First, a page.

- Alleged quote from George Washington's farewell address: “let us with caution indulge the supposition that morality can be maintained without religion... Reason and experience both forbid us to expect that national morality can prevail in the exclusion of religious principle...”
Washington was well-known for making any number of quotes which led many people to infer that he was a practicing Christian; he often spoke on religious themes, and he often attended the Episcopal churches, although he always left before the communion was administered, arousing controversy within the congregation.
- Alleged quote from the U.S. Supreme Court decision of HOLY TRINITY v. UNITED STATES (1892): “Our laws and our institutions must necessarily be based upon and embody the teachings of the Redeemer of Mankind, it is impossible that it should be otherwise... Our civilization and institutions are emphatically Christian...”
This is another inaccurate statement from David Barton, and he has admitted that this quote appears nowhere in the TRINITY v. UNITED STATES case.
- Alleged quote from James Madison: “We have staked the whole future of American civilization and political institutions on our capacity to govern ourselves according to the Ten Commandments of God.”
This is another unverified quote spread by David Barton. According to Church & State magazine (July/August, 1996 article “Christian Nation,” Barton has issued a statement admitting that certain quotations attributed to prominent historical figures in his 1992 book “The Myth of Separation,” are either false or, at best, questionable, and he admits that this is one of the most controversial among them.
- Alleged charge to the framing committee of the first constitution in America in the state of Connecticut in 1639: “To frame a constitution as near the law of God as they can.”
This is irrelevant to our current system of laws. In fact, the early colonies were theocracies with established churches: Anglican in the south and Congregationalist in New England. Even Rhode Island, founded as an experiment in religious freedom, limited full citizenship to Trinitarian Protestants. Our present system, with separation of church and state, is a deliberate departure from these and earlier European governments.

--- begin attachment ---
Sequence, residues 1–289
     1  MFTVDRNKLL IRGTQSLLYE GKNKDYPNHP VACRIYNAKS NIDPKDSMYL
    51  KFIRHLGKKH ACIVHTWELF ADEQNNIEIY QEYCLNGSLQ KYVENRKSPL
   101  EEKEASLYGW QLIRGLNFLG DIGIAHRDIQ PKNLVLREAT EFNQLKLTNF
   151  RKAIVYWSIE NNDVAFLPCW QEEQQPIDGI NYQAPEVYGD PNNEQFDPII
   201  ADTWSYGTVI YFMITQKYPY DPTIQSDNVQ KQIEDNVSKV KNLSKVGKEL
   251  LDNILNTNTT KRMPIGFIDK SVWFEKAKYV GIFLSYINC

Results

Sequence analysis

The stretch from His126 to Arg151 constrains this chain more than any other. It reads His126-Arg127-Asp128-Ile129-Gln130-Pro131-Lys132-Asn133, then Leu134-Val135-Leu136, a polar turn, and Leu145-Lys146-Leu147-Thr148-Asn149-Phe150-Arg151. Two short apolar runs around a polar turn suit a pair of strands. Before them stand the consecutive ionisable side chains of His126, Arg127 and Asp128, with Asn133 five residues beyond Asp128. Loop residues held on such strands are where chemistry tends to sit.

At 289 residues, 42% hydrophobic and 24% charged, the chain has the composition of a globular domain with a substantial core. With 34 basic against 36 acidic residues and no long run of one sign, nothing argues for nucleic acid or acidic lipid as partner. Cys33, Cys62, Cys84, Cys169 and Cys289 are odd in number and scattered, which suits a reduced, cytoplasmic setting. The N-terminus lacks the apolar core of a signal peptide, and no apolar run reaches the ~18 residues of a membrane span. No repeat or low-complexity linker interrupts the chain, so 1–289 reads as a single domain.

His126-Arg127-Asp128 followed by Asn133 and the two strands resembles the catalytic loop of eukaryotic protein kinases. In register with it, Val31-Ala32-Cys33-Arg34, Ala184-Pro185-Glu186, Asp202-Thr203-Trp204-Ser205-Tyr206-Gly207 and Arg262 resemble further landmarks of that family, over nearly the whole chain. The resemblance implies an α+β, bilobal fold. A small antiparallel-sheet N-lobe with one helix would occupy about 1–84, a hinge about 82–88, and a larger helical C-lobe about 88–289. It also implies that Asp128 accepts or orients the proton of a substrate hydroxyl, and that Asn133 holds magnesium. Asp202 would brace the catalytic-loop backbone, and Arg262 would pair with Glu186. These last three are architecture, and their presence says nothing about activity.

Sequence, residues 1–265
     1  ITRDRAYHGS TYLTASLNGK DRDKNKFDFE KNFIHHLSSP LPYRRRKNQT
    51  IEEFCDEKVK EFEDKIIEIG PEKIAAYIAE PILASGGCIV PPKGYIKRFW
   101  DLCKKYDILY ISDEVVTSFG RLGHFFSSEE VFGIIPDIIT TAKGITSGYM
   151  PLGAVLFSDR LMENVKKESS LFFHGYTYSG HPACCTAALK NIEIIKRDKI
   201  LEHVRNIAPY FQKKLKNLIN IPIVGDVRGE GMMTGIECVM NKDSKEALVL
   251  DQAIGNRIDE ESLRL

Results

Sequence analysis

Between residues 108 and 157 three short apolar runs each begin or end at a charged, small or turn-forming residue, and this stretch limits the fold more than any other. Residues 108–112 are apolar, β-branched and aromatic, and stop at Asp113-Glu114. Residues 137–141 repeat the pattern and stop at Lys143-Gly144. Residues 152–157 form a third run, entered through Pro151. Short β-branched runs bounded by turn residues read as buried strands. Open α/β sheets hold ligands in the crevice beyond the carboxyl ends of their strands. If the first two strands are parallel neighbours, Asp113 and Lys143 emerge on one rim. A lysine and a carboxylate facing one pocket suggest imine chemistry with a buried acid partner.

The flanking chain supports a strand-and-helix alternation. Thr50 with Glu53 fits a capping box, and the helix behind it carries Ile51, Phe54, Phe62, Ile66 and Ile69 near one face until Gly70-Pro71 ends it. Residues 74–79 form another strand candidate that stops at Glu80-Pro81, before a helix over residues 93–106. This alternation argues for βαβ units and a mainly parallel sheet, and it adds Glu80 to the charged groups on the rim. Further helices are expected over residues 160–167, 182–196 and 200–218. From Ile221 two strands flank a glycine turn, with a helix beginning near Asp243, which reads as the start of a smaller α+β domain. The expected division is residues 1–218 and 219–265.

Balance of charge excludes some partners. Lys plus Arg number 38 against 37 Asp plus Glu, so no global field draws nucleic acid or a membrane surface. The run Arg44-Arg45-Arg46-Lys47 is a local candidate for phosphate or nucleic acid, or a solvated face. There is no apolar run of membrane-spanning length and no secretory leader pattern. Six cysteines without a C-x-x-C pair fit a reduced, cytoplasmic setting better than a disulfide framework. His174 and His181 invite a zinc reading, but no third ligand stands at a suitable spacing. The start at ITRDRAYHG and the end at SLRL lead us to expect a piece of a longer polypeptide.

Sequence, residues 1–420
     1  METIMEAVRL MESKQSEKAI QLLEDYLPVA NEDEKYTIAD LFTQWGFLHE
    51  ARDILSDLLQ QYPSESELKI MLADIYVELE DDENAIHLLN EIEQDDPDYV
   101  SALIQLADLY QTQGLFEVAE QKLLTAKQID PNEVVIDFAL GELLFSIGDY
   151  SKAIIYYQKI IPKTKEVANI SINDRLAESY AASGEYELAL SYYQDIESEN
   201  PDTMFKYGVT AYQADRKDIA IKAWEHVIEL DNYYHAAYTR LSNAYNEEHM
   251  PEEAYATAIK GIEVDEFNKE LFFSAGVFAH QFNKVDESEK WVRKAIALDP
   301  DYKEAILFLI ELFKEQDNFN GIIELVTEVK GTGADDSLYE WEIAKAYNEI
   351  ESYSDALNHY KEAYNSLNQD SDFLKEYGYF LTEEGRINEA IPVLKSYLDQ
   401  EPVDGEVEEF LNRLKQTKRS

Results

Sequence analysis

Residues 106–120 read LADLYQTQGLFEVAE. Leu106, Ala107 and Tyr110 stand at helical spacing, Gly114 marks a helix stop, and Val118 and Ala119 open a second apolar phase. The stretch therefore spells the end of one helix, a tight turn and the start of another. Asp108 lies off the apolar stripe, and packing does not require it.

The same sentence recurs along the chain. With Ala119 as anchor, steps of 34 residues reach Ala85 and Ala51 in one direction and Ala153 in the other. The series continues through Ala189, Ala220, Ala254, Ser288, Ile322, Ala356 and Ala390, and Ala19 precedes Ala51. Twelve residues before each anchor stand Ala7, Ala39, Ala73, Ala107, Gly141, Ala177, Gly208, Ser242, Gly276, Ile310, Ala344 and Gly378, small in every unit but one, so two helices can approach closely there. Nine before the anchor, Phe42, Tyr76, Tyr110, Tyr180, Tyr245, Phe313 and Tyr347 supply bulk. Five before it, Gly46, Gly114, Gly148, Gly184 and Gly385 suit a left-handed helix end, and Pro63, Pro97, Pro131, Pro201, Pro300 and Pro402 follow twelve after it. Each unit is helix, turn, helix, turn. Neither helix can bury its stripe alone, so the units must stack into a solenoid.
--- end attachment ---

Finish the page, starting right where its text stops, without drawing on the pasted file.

- Alleged quote from John Quincy Adams, sixth President of the United States: “The highest glory of the American Revolution was that it connected in one indissoluble bond the principles of civil government with the principles of Christianity.”
This quote is taken from the first edition of David Barton's videotape, “Americas's Godly Heritage.” The original source for this quote is the book, “The Pulpit of the American Revolution 1860” by John Wingate Thornton. This particular quote attributed to John Quincy Adams is not documented with footnotes, nor is it even enclosed in quotation marks as all other quotes in the introduction to his book. Instead, it reads like Thornton's own conclusion about what John Quincy Adams believed. These words are not documented nor attached to a date, and have not been traced back to an original source. Elsewhere in this book, Adam's father, John Adams, is quoted properly with footnotes and quotation marks. In the absence of proper documentation, this quote should be considered questionable at best.